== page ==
Survey data further shows that 32.5 percent of students associate being a feminist with being politically liberal, despite feminists’ assertions that the two are not contingent on one another. While 37 percent of males associate it with being politically liberal, only 27.8 percent of females associate it with being politically liberal.

“It’s certainly possible to be politically conservative and be a feminist,” said junior Anabella Bazalgette, who adamantly identifies as feminist. “Political conservatism does not equate to total rejection of the equality of the sexes. I don’t think that conservatism and feminism are mutually exclusive.”

Boys and Feminism

While many girls may hesitate to call themselves feminists, it appears that boys at Redwood have an even harder time using the label.

The February Bark survey found that only 17.3 percent of males at Redwood identify as feminists, whereas 50.6 percent of females do. The survey did not have an option for students to select non-binary genders.

Furthermore, 81.5 percent of males believe there should be equality among genders, in contrast to the 96.2 percent of females who believe there should be.

Junior Matthew Moser, who serves as the vice president of the Gay Trans* Straight Alliance, offered that boys at Redwood may not want to call themselves feminists because of the social implications of the “fem” in feminist.

“I think that for boys at this age, their masculinity is so fragile, and they’re so proud of it, that anything associated with being womanly or girly, they don’t want to associate with because they see it as being unmasculine,” Moser said. “But what’s more masculine than helping people and fighting for someone else’s rights?”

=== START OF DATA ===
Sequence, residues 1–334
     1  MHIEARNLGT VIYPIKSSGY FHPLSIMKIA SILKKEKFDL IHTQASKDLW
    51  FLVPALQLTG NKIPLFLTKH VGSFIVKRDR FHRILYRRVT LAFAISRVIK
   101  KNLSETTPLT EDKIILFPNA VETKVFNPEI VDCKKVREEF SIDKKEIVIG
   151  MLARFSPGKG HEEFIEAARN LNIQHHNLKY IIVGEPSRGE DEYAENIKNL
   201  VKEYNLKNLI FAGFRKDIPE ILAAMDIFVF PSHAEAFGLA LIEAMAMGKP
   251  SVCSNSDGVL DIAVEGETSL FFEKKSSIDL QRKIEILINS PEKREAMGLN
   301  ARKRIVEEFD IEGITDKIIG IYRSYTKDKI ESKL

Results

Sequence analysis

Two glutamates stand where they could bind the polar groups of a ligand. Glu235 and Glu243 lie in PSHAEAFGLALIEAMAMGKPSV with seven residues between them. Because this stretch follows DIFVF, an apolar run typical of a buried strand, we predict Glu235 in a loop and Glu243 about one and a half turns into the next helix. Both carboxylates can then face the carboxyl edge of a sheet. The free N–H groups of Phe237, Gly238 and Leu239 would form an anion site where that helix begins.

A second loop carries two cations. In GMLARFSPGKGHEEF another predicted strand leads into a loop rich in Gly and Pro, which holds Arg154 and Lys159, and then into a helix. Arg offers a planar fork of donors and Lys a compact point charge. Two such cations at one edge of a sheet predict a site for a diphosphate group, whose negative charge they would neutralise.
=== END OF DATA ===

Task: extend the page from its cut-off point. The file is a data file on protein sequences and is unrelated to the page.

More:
According to senior Ben Dreskin, the aversion to the label of feminism may be the result of negative associations with the word.

“Maybe identifying as a feminist is a sign of weakness to some. I don’t agree with that,” Dreskin said. “To me it isn’t even a question. It’s just genders are equal––there’s nothing more to it than that.”

Data from the Bark survey supports Dreskin’s theory about negative associations. Results show that 34.6 percent of males at Redwood associate feminism with hating men, whereas only 3.8 percent of females do.

Furthermore, 14.8 percent of males associate feminism with being unattractive, while only 1.3 percent of females do.

The quality of “being lesbian” followed a similar trend: 16 percent of males associate feminism with being lesbian, in comparison to the 3.8 percent of females who do.

feminism infographic 3FINAL

The Need for a Label

With its myriad negative associations, some might propose that we discard the feminist label altogether and simply say we believe in the equal rights and treatment of women.

Moser suggested that people may choose to call themselves “equalists” if they’re in an uncomfortable situation.

“I think that by saying you’re an equalist, you’re not only saying you’re pro-women’s rights you’re pro-everyone’s rights, so it just depends on the situation you’re in,” he said. “As long as you’re fine with the cause, in the end I don’t care what you call yourself. You just need to support.”

But terms such as “equalist” or “pro-human rights” are too vague for Bazalgette, who said that the term “feminism” is necessary for the advancement of gender equality.

“The word ‘feminism’ has a specific and direct course of action, and that’s what we need. We don’t need something so ambiguous as an equalist because the problems facing our society today are mainly a result of the patriarchy,” she said.

Jaime noted that the label still has a place in modern society, despite its negative connotations.

“There are still so many pockets of sexism in this country that we don’t necessarily challenge. We sort of do the civil rights like, ‘It’s much better than it used to be, so that’s good enough,’” she said.